Rather than a real reverse in fortune, Singaporean hotels enjoyed an increase in activity from a very low level in the last ten days. The secret behind this upward trend: the lockdown of Malaysia.
Reflecting the effects of the COVID-19 pandemic, hotels in the Asia Pacific region reported a significant decline in occupancy but fairly steady room rates during February 2020, according to data from STR. The Asia Pacific region was the first to show a significant COVID-19 hotel performance impact. Singapore was not spared with a registered decline of 46.9% in occupancy. Singaporean hotels reached a low of 46.4% according to STR. It was still far better than China’s occupancy, down by 75.9 points to just 14% and South Korea, down 30 points to 42.7% occupancy.
US Dollar constant currency, February 2020 vs. February 2019
- Occupancy: -37.7% to 41.2%
- Average daily rate (ADR): +1.9% to US$107.35
- Revenue per available room (RevPAR): -36.5% to US$44.27
To keep a certain level of activity, some hotels have turned to the government to welcome quarantined people, offering very cheap packages. This could turn into an opportunity to maintain a minimum level of activities for properties which are often fully equipped to take care of guests. A few chains in Singapore followed suit after the government announces the mandatory 14-day self-quarantine for anyone entering the country.
Talking to the website Skift, Park Hotel Group Executive Director Shin Hui Tan has already seen enquiries from returning residents wanting to check themselves into hotels during the two-week period.
Anticipating more guests to check into its hotels for self-quarantine, the hotel group has in-between launched a stay package inclusive of three daily meals priced at very special rates which help the hotel to cover some of their operating costs.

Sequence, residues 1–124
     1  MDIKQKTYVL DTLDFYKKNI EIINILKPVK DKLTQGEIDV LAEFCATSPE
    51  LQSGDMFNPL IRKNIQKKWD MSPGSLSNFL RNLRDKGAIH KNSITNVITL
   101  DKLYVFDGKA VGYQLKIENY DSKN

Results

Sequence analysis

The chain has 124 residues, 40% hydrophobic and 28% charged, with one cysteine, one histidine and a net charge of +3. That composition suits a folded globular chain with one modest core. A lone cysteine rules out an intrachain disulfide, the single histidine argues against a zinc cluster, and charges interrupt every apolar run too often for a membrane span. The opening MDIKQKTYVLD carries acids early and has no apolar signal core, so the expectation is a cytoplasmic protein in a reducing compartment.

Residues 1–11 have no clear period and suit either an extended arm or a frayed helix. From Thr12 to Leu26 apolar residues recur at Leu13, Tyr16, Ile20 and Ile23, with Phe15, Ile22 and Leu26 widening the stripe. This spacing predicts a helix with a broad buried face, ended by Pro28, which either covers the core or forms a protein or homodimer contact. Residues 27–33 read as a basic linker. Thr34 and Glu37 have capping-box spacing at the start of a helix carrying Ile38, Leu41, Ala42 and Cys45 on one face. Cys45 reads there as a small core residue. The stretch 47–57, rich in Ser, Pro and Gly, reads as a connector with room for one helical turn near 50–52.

Budget hotel startup RedDoorz is also providing a number of rooms as alternate lodging for foreign workers as they also have to follow the 14-day stay-home-notice implemented by Singapore Ministry of Manpower, a country that is heavily reliant on foreign manpower. This offer is particularly adapted to Malaysian commuters as many of them are not able to go back to their own country following the lockdown by Malaysia’s government.
Malaysia’s decision to completely close down the country has then a beneficial aspect for Singapore hotels as many are now promoting themselves as temporary Singapore homes. As an example, Skift points to HotelPlanner that received a 40 per cent spike in bookings for Singapore hotels since Malaysia’s lockdown.
Consulting company STR continues to monitor the situation and issue preliminary data releases and provides more information, including recent Asia Pacific webinars and analyses to help track the evolution of the hotel industry.